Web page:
We are told that at the Nemean games, a little after this victory, Philopœmen being then General the second time, and at leisure on the occasion of the solemnity, first showed the Greeks his army drawn up in full array as if they were to fight, and executed with it all the maneuvers of a battle with wonderful order, strength, and celerity. After which he went into the theater, while the musicians were singing for the prize, followed by the young soldiers in their military cloaks and their scarlet frocks under their armor, all in the very height of bodily vigor, and much alike in age, showing a high respect to their general; yet breathing at the same time a noble confidence in themselves, raised by success in many glorious encounters. Just at their coming in, it so happened, that the musician Pylades, with a voice well suited to the lofty style of the poet, was in the act of commencing the Persians of Timotheus,
|“Under his conduct Greece was glorious and was free.”|
The whole theater at once turned to look at Philopœmen, and clapped with delight; their hopes venturing once more to return to their country’s former reputation; and their feelings almost rising to the height of their ancient spirit.
It was with the Achæans as with young horses, which go quietly with their usual riders, but grow unruly and restive under strangers. The soldiers, when any service was in hand, and Philopœmen not at their head, grew dejected and looked about for him; but if he once appeared, came presently to themselves, and recovered their confidence and courage, being sensible that this was the only one of their commanders whom the enemy could not endure to face; but, as appeared in several occasions, were frighted with his very name. Thus we find that Philip, king of Macedon, thinking to terrify the Achæans into subjection again, if he could rid his hands of Philopœmen, employed some persons privately to assassinate him. But the treachery coming to light, he became infamous, and lost his character through Greece. The Bœotians besieging Megara, and ready to carry the town by storm, upon a groundless rumor that Philopœmen was at hand with succor, ran away, and left their scaling ladders at the wall behind them. Nabis, (who was tyrant of Lacedæmon after Machanidas,) had surprised Messene at a time when Philopœmen was out of command. He tried to persuade Lysippus, then General of the Achæans, to succor Messene: but not prevailing with him, because, he said, the enemy being now within it, the place was irrecoverably lost, he resolved to go himself, without order or commission, followed merely by his own immediate fellow-citizens who went with him as their general by commission from nature, which had made him fittest to command. Nabis, hearing of his coming, though his army quartered within the town, thought it not convenient to stay; but stealing out of the furthest gate with his men, marched away with all the speed he could, thinking himself a happy man if he could get off with safety. And he did escape; but Messene was rescued.
All hitherto makes for the praise and honor of Philopœmen. But when at the request of the Gortynians he went away into Crete to command for them, at a time when his own country was distressed by Nabis, he exposed himself to the charge of either cowardice, or unseasonable ambition of honor amongst foreigners. For the Megalopolitans were then so pressed, that, the enemy being master of the field and encamping almost at their gates, they were forced to keep themselves within their walls, and sow their very streets. And he in the mean time, across the seas, waging war and commanding in chief in a foreign nation, furnished his ill-wishers with matter enough for their reproaches. Some said he took the offer of the Gortynians, because the Achæans chose other generals, and left him but a private man. For he could not endure to sit still, but looking upon war and command in it as his great business, always coveted to be employed. And this agrees with what he once aptly said of king Ptolemy. Somebody was praising him for keeping his army and himself in an admirable state of discipline and exercise: “And what praise,” replied Philopœmen, “for a king of his years, to be always preparing, and never performing?” However, the Megalopolitans, thinking themselves betrayed, took it so ill, that they were about to banish him. But the Achæans put an end to that design, by sending their General, Aristæus, to Megalopolis, who, though he were at difference with Philopœmen about affairs of the commonwealth, yet would not suffer him to be banished. Philopœmen finding himself upon this account out of favor with his citizens, induced divers of the little neighboring places to renounce obedience to them, suggesting to them to urge that from the beginning they were not subject to their taxes, or laws, or any way under their command. In these pretenses he openly took their part, and fomented seditious movements amongst the Achæans in general against Megalopolis. But these things happened a while after.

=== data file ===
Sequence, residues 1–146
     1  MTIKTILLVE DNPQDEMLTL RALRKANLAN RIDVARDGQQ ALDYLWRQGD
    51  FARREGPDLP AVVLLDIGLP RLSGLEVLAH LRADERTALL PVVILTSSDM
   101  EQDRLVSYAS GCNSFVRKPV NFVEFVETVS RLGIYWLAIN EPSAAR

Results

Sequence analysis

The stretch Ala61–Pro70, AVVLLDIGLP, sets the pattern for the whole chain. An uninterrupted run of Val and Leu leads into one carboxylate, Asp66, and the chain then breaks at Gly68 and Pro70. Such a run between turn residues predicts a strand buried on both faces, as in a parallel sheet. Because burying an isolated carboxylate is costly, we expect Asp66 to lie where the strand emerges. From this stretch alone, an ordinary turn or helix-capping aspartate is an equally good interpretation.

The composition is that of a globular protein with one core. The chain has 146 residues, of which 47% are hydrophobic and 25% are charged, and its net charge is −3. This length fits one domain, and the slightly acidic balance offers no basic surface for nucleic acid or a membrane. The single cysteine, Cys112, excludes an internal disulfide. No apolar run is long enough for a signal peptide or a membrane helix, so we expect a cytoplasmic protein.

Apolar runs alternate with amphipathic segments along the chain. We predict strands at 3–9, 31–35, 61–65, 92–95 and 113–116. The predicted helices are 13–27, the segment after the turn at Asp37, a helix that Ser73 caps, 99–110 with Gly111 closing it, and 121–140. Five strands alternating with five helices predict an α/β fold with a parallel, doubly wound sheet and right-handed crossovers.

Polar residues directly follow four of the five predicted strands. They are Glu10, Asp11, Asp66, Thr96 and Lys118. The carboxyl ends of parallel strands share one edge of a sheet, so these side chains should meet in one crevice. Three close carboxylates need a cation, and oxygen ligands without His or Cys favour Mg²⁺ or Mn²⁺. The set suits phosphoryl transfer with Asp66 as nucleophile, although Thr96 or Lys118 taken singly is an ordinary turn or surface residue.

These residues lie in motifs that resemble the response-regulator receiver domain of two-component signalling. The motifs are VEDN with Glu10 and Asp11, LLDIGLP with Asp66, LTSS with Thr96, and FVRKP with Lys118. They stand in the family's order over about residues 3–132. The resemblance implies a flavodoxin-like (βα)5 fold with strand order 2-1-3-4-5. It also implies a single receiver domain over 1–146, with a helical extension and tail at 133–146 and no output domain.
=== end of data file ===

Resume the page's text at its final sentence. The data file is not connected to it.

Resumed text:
While he stayed in Crete, in the service of the Gortynians, he made war not like a Peloponnesian and Arcadian, fairly in the open field, but fought with them at their own weapon, and turning their stratagems and tricks against themselves, showed them they played craft against skill, and were but children to an experienced soldier. Having acted here with great bravery, and great reputation to himself, he returned into Peloponnesus, where he found Philip beaten by Titus Quintius, and Nabis at war both with the Romans and Achæans. He was at once chosen general against Nabis, but venturing to fight by sea, met, like Epaminondas, with a result very contrary to the general expectation, and his own former reputation. Epaminondas, however, according to some statements, was backward by design, unwilling to give his countrymen an appetite for the advantages of the sea, lest from good soldiers, they should by little and little turn, as Plato says, to ill mariners. And therefore he returned from Asia and the Islands without doing any thing, on purpose. Whereas Philopœmen, thinking his skill in land-service would equally avail at sea, learned how great a part of valor experience is, and how much it imports in the management of things to be accustomed to them. For he was not only put to the worst in the fight for want of skill, but having rigged up an old ship, which had been a famous vessel forty years before, and shipped his citizens in her, she foundering, he was in danger of losing them all. But finding the enemy, as if he had been driven out of the sea, had, in contempt of him, besieged Gythium, he presently set sail again, and, taking them unexpectedly, dispersed and careless after their victory, landed in the night, burnt their camp, and killed a great number.